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Most urban counties in the country have lost population for the second year in a row, according to new census estimates released Tuesday for the year ending July 1, 2020.
Domestic outflow from urban districts accelerated over the past year, but the slowdown in international migration added more to urban district losses, which contracted 0.3 percent.
Urban population growth has slowed since 2012. It rebounded during the Great Recession as cities became more affordable and the foreclosure crisis hit many suburban and suburban areas. However, growth rates slowed in the 2010s, partly because many cities built too little housing to accommodate newcomers. This slowdown resulted in population losses, and in 2020 the city districts shrank even faster than those of the small town and rural districts outside the metropolitan areas.
Internal migration causes most of the changes in local populations, meaning the places that attract new people from other parts of the country grow the fastest. In most countries, the other two components of population change – international migration and “natural increase” (births minus deaths) – have much less impact on local growth and local decline. Among the top 10 fastest growing major metros in 2020, all domestic moving companies gained more than they lost. Still, Boise, Idaho, and Provo-Orem, Utah, have gained few people through international migration, and Cape Coral and North Port, Florida, have had more deaths than births due to their elderly populations.
Of the 110 subways with at least half a million people in 2019, 29 lost 29 people in 2020, compared to 26 in 2019. Five subways lost people in 2020 after growing in 2019: Worcester, Mass .; Poughkeepsie, NY; Baltimore; New Orleans; and Lansing, Me. Two, San Diego and Providence, RI, grew in 2020 after shrinking in 2019.
The top 10 losing out included the country’s three largest metropolitan areas – New York, Los Angeles, and Chicago – and all 10 lost more domestic moving companies than they had gained. Yet San Jose, California, New York, and San Francisco have higher immigration rates than most other metropolitan areas.
Although internal migration generally drives this ranking, the city’s recent slowdown is due to the decline in international migration rather than the acceleration in internal migration. Over the past decade, urban districts have been losing people to suburbs, smaller towns and rural areas at an ever faster rate. But international migration to urban districts has declined even faster since 2017. Although international migration continues to contribute to urban growth, it has increased much less in 2020 than in 2017 and has less balanced domestic runoff than in previous years.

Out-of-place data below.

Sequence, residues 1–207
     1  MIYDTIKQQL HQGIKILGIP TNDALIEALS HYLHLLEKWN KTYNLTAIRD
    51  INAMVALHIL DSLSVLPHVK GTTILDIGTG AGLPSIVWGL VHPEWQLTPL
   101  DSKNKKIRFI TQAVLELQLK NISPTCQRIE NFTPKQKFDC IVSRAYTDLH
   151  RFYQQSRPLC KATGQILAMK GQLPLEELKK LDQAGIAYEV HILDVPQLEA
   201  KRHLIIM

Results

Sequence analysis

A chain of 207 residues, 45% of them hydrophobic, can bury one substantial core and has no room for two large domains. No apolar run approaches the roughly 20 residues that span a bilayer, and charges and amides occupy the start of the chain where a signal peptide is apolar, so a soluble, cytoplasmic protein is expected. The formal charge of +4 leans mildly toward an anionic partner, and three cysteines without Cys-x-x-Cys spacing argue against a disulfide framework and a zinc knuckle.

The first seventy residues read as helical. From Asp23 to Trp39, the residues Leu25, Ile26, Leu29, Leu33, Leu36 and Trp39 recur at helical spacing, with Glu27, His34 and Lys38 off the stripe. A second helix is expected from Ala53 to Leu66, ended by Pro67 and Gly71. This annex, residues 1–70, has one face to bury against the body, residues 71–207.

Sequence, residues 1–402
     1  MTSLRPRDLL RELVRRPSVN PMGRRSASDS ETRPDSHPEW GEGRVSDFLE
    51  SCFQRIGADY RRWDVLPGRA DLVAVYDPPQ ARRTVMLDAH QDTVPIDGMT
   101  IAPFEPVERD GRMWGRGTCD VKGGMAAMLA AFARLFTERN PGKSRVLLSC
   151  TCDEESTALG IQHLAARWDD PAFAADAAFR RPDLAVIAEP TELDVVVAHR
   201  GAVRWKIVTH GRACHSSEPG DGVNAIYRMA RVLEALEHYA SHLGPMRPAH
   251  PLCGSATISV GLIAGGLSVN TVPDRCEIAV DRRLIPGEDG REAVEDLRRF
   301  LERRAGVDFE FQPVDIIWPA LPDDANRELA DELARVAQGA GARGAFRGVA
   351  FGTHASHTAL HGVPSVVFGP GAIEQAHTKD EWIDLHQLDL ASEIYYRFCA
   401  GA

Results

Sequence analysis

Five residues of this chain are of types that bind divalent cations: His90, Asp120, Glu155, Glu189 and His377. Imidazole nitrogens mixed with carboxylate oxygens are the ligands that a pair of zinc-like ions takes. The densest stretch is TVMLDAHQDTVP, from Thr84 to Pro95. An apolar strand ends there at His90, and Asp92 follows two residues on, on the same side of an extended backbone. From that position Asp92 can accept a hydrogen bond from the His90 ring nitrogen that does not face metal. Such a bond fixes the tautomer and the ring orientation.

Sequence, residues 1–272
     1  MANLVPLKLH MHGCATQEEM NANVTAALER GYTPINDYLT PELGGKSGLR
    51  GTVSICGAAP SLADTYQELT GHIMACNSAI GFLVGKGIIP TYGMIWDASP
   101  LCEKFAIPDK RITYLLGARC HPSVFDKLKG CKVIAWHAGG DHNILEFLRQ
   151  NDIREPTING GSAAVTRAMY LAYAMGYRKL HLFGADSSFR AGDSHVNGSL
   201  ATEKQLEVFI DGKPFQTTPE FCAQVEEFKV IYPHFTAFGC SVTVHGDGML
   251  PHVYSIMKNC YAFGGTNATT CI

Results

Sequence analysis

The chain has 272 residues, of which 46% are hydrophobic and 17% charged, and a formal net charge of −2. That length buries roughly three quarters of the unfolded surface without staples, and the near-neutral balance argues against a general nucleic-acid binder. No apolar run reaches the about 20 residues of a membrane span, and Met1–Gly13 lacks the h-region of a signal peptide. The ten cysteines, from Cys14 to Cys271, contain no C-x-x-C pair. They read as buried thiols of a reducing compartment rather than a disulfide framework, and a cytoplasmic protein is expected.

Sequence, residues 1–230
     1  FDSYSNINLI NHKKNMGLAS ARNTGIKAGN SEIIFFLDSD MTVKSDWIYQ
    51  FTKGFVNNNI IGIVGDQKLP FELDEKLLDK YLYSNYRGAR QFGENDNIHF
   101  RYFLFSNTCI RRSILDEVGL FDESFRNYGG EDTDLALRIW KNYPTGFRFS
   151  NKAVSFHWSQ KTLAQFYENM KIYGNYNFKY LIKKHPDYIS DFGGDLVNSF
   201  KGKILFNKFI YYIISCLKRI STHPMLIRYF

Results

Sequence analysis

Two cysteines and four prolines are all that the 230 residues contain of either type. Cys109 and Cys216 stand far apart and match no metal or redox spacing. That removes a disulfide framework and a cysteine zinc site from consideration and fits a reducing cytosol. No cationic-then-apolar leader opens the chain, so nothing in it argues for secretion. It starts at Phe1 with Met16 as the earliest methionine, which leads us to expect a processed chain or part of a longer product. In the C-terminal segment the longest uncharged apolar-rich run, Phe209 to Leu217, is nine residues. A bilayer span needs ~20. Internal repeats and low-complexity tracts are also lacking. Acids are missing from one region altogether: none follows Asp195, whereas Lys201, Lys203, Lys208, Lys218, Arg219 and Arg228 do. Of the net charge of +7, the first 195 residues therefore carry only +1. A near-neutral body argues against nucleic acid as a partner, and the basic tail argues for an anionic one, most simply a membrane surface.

These new census estimates cover the period from July 1, 2019 to July 1, 2020 and therefore mainly reflect the trends prior to the pandemic outbreak. They are compiled “without incorporating or taking into account the 2020 census results,” which have been published for the nation and for states but not yet for counties. The number of ten-year states differs from the state’s previously published estimates, which illustrates the limitations of the estimates, but also raises concerns about the number of ten-year years.
Ten-year censuses for counties and smaller areas will be released later this year. States will use them for redistribution. The population estimates for the next year should reflect the number of decade years, and this year’s estimates should be revised.
These new census estimates tell a similar story to the United States Postal Service’s change of address data: migration from neighborhoods of many large subways to suburbs and smaller subways.
The migration rates for changes of address for July 2019 to June 2020 correlate quite well with these new census estimates for internal migration. (The correlation is 0.82 for larger metros; a correlation of 1 means perfect relationship and 0 means no relationship.)
The estimates of the census, as well as the address changes of the postal service, showed largely similar trends in all metros last year compared to the previous year. However, the postal service shows higher immigration to North Port and Cape Coral, Florida than the census, while the census reports higher immigration to Austin, Texas, and Boise than the USPS, as well as less emigration from many university cities.
Crucially, changes to the USPS address may not include most of the international steps. Since 2017, when immigration to the United States has declined, internal migration explains more of local population growth. However, the urban districts are more dependent on immigration than other places, so the decline in immigration is a bigger reason for the loss of the urban population.
Jed Kolko is the chief economist at Indeed.com. You can follow him on Twitter at @JedKolko.